But it’s Chrissie’s epiphanic moment at George’s funeral which not only proves the emotional climax, but theatrically conflates the two poles of authority into a meaningless ritual. The service of call-and-response Catholic liturgy maps onto DHSS interrogations we’ve already seen; as at the start the five central characters find sideswiping ad-libs to break out of the hierarchy, avoid the ‘sniffers’ trying to prove they’re moonlighting to work whilst claiming the dole.

Just like the confessional (Yosser tries both churches to comedic effect) the booths the five enter are controlled by clerks, ranged like puppeteers from above. They’re dedicated to smell out secular sin. Finally the Department of (Un)Employment looms as the new cathedral under construction: not only monitoring work, but providing it.

If the oldest character is subsumed into the church it’s Chrissie who provides the secular eulogy for George (Philip Whitchurch). He’s the most sympathetic and balanced character, emerging as an oracle to counter authority with socialism and a peaen to solidarity: the past and a possible future. Whitchurch anchors each scene he’s in, semaphores George as a frail titan.

Put-upon foreman Dixie (Mark Womack) takes all the blame going, cowed by his unenviable role. But he breaks out of this as Womack movingly counsels Dixie’s son Kevin (George Caple, also Snowy the tragic socialist son of George, and security-guard Scotty) to finally escape with his guitar. Neatly, Kevin gets a hitch-sign to Leeds, where a year ago the Student who told him to get a life was headed.

He’s joined in that final hike by Loggo (Aron Julius) bound – with spectacular optimism – for the Shetlands. Julius – whose speeches soar with the show’s greatest lyricism and flight –  might have less to do, but Graham brings in early speeches about his slave-trafficked great-grand-parents alongside George’s historical counterpoint. Famously, there’s a proud tradition of anti-slavery in Liverpool, culminating in the refusal to handle cotton from the American South in 1862, despite the population starving for their actions.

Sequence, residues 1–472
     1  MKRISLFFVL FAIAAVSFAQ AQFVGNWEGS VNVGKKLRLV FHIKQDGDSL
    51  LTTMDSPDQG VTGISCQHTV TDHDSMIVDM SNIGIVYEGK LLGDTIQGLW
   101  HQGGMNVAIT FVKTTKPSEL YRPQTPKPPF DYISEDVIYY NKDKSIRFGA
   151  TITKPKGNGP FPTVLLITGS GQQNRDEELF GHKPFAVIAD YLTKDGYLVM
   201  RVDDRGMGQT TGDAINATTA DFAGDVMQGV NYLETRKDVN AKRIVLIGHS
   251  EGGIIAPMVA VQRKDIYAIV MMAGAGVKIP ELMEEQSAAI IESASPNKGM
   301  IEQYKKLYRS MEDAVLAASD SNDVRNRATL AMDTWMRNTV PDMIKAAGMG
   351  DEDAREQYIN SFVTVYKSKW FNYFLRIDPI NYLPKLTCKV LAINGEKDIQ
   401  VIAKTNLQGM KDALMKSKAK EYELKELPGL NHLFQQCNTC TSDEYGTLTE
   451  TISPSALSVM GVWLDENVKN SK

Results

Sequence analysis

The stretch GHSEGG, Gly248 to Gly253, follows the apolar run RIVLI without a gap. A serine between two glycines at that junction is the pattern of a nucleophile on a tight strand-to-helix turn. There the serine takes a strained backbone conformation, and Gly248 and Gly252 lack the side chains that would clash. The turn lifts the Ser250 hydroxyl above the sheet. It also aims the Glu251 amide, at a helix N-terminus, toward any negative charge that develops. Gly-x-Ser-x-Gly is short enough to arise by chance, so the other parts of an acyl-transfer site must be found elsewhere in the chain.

O’Neill and Helen Carter shine with an energy to stamp a few women characters to push through the male narrative. Carter’s DHSS Miss Sutcliffe proves a wry foil to hapless jobsworth Moss. She’s also Dixie’s wife Margaret who with O’Neill’s slowly furious Angie, provides the only women’s conversation as they hide from sniffers; and George’s nearly mute wife Freda.

Jamie Peacock was an FOH in Liverpool’s production. Now he shines as egregious but confused DHSS zealot Moss, and as a Protestant Reverend is so unctuous Yosser nearly kills him. Indeed in every other role but Moss (like Milkman) he takes the hits meant for Moss; it seems a running casting-joke.

Dominic Carter’s even more condemned. His Molloy is worst when wheedling after a death for which he was responsible, and though Yosser’s punches are overly liberal, here they fork lightning. As Dan the Catholic Priest he’s the butt of Yosser’s best quip. “I’m desperate, Dan.” Carter’s redeemed as it were as Marley, the thief.

There’s a gallimaufry of ensemble roles: Elliott Kingsley, Victoria Oxley, Liam Powell-Berry, Hayley Sheen, Liam Tobin. Rachael Nanyonjo’s movement makes a ballet of ensemble moments, which provides memorable snatches of a cappella: a necessary unity in a grey-sprawled world. Dyfan Jones’s sound and music is ominous; Ian Scott’s lighting is a bleak slap in the wind.

Graham’s consciously stretched even further from his old political hinterland than he did in Dear England. This consummate adaptation enriches his work as it does homage to Bleasdale’s vision.

Liverpool’s Royal Court under Kevin Fearon, as the work’s original producers and commissioners, have (with the NT) caused something huge to transfer here: the city’s character overarches this production with scudding images and a grey dwarfing presence. Over 40 years on, nothing in it dates. It’s more prophesy than history in this stunning production.